NLDS Game Two Review: San Francisco

Heard this: Rick Ankiel prolly made himself another $5-$7 million dollars last night. This jibes with what anonymous scouts are saying — the energy and competitiveness of this series has to be largely credited to Ankiel and the other former Royals prominently involved.

That probably makes about as much sense as anything else after last night’s 5-4, extra-inning victory by the Braves over the Giants. Going into the game, Matt Cain and Tommy Hanson seemed to be quite evenly matched when looking at their current season stats and their recent CHONE projections (3.88 projected nERA for Cain, 3.86 for Hanson). The game didn’t play out that way. Pat Burrell opened the scoring with a three-run shot off of Hanson in the first that was good for about a 25 percent jump in win expectancy. Given the way Cain was dealing, it looked like that homer was going to be more than enough even without the additional run driven in by Cain himself in the second. Other than the home run, Hanson wasn’t horrible, although he wasn’t impressive either, and understandably got pulled for a pinch-hitter in the top of the fifth. Cain finally gave up a run in the sixth inning, but for the most part had the Braves easily in hand when he was pulled with two outs in the seventh. Up to that point, the Braves looked mostly helpless at the plate, and the Giants’ Win Expectancy was up at around 95% despite being shut down by an impressive stream of Atlanta relievers for the second straight game.

The game began to unravel for the Giants in the eighth. It is difficult to blame it on their tactics, however. Sergio Romo came in to pitch in the top of the eighth and promptly gave up singles to Derek Lee and McCann. Romo was still a good choice, as he is a dominating strikeout pitcher, avoids walks well, and his flyball tendencies are offset by the nature of the park. Bruce Bochy also made the right call to bring in closer Brian Wilson for a two-inning save at this point. The leverage index (LI) was as higher than it had been all game to that point — Wilson’s pLI for the game ended up being 2.59 — and that is the best way to maximize a relief ace’s outings. It didn’t work out, but it was the right decision. The Giants’ infield didn’t do Wilson any favors, as a throwing error by third baseman Pablo Sandoval allowed Melky Cabrera, one-third (along with Nate McLouth and Rick Ankiel [more on him in a minute…]) of the Braves’ Disaster Trio to reach first, scoring Lee. After a sacrifice bunt, the Braves tied the game on an Alex Gonzalez double that drove in two more runs. Wilson finished the inning and retired the side in the ninth, as well.

The extra innings were bizarrely dramatic. Former Royal and personal favorite Ramon Ramirez dispatched the Braves in the top of the 10th, and in the bottom half, San Francisco again looked poised to put the game away. It was potentially (and still may turn out to be) a disastrous inning for the Braves, as Billy Wagner injured his oblique after successfully fielding Andres Torres‘ sacrifice bunt that moved Edgar Renteria to second base, forcing the Braves to bring in everyone’s favorite high leverage reliever: Kyle Farnsworth. Good news, everyone! Professor Farnsworth did not disappoint, drilling Freddy Sanchez and then walking Aubrey Huff to load the bases with one out and Buster Posey coming to the plate. What happened next upped the SI (Surrealism Index) considerably, with Posey hitting a grounder to nominal third baseman Troy Glaus (yes, he’s still alive), who, rather than getting the runner at home, made the daring decision to start the double play… and it worked to the tune of a 33 percent shift in win expectancy.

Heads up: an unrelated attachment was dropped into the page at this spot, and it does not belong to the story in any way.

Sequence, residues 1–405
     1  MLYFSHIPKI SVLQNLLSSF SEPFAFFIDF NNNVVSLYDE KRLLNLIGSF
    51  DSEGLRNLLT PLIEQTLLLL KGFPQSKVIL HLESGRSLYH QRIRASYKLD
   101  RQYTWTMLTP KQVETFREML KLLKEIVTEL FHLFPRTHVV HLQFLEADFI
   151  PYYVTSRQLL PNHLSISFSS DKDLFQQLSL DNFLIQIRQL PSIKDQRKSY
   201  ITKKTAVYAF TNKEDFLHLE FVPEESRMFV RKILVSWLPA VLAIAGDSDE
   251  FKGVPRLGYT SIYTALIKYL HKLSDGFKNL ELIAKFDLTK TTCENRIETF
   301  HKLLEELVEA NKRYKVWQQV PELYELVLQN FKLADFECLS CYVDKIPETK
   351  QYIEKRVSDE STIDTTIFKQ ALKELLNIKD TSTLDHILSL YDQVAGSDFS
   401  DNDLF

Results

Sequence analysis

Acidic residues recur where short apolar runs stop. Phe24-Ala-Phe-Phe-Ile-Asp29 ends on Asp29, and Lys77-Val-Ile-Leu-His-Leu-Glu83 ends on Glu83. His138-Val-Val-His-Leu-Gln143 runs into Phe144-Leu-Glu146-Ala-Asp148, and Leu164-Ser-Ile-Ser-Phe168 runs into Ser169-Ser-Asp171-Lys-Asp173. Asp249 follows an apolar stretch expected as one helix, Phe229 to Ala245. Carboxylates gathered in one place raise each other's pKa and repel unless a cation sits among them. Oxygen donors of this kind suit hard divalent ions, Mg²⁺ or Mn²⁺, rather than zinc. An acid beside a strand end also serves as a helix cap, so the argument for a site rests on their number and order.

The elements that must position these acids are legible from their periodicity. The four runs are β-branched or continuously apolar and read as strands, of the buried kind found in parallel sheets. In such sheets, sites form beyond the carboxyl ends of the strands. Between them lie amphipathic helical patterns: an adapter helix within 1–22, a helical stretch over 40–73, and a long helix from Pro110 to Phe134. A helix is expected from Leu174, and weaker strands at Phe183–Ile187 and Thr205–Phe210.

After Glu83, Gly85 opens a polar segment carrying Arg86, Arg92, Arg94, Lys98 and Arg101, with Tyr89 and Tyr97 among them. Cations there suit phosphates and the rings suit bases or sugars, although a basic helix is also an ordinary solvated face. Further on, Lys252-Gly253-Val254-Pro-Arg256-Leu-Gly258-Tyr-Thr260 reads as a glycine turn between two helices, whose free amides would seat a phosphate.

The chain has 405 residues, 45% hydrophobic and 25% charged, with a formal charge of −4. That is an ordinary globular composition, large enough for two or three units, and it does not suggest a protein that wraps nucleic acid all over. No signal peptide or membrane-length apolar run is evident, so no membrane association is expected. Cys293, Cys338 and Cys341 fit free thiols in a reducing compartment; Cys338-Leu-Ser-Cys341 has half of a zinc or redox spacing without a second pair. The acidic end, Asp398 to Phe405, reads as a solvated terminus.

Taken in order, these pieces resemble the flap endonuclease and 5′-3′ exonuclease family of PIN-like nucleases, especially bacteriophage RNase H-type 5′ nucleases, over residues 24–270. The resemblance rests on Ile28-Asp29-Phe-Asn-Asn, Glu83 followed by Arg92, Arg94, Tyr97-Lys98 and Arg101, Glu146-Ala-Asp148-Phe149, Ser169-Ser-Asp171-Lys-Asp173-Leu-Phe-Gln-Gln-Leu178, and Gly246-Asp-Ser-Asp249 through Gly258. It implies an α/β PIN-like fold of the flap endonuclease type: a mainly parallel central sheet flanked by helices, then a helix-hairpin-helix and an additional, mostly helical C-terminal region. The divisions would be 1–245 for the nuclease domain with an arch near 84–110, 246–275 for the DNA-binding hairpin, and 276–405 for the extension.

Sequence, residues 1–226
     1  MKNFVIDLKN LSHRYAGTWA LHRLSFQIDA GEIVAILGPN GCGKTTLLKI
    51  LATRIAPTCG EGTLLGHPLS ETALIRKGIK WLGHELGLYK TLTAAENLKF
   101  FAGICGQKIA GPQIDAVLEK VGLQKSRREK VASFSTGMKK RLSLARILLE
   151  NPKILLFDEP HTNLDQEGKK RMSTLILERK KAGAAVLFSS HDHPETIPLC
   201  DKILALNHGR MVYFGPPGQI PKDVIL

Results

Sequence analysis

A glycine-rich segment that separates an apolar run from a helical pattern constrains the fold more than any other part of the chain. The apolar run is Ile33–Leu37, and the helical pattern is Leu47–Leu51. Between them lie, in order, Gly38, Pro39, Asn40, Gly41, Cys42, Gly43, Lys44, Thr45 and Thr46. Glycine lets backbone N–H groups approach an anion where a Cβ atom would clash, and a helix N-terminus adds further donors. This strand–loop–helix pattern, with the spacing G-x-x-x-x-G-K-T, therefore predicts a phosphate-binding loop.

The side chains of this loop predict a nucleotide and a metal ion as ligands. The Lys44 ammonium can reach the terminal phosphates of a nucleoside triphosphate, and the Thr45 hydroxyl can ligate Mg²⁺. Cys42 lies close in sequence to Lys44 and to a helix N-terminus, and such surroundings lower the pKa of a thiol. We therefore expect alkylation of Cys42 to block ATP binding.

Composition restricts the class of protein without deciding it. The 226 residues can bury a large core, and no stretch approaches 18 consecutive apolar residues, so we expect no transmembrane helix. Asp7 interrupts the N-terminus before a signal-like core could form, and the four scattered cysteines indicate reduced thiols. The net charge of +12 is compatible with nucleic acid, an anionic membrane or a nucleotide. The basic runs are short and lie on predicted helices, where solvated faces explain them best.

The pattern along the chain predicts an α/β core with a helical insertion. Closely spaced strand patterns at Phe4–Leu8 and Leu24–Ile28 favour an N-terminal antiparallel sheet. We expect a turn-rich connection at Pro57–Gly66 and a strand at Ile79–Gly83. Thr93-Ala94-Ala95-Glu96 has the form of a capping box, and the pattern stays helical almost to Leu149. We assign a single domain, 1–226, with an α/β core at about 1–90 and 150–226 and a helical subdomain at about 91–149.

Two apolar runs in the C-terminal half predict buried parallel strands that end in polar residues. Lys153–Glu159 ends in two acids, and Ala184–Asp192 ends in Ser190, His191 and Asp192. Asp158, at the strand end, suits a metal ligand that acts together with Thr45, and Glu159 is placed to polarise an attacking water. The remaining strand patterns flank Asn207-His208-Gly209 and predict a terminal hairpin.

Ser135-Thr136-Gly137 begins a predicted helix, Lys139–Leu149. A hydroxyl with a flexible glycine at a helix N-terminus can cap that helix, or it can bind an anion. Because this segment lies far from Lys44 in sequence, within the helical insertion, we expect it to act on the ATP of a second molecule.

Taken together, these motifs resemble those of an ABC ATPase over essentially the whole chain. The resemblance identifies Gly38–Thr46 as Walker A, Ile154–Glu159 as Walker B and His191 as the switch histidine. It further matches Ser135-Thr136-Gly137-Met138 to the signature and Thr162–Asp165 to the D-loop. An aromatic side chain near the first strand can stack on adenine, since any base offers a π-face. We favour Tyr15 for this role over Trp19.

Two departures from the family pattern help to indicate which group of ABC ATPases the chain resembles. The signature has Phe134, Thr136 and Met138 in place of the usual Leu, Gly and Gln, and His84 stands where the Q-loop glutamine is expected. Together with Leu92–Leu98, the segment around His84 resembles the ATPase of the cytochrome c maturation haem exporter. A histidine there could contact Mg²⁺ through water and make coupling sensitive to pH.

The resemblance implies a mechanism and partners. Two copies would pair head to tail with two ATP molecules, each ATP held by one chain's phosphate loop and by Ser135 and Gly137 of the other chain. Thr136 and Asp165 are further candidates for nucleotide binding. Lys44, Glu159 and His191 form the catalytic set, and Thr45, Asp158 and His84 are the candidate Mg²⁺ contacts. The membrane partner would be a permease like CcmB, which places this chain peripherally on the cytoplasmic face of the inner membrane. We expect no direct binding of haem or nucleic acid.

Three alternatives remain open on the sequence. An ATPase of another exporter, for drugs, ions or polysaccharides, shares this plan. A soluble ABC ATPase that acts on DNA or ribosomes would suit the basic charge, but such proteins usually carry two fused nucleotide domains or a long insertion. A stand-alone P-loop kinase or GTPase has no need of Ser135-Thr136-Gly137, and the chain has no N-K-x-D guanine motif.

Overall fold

It would be hard to top that, but Rick Ankiel’s game-winning shot off of Ramon Ramirez managed to do so. One could make criticisms of Bochy’s leaving Ramirez in the game, at least for that plate appearance, but none of them are devastating. Ankiel does have a pretty large platoon split, so maybe bringing in, say, Jeremy Affeldt in to face Ankiel might have been the right move, but Ramirez himself doesn’t have a huge platoon split for his career. Moreover, Affeldt hasn’t been that great this season, and even with the platoon advantage Rick Ankiel is still Rick Ankiel. Perhaps more worrisome would be that Ramirez gives up a lot of fly balls, and power is probably Ankiel’s only skill (albeit one mostly hidden the last two seasons) at the plate, but there was a much greater chance of Ankiel making an out than hitting it out, and the park deflates home run/fly ball rates. Still, the bullpen was rested from not having to work the previous night, and had the next game off — so there was no reason to be stingy with reliever usage. In any case, things obviously didn’t work out for the Giants, and Ankiel sent one into the water. Even The Professor adding a bit of drama by allowing a baserunner in the bottom of the 11th couldn’t top that drama. The only thing keeping this game from aesthetic perfection was that Jose Guillen wasn’t available to ground into a game-ending double play.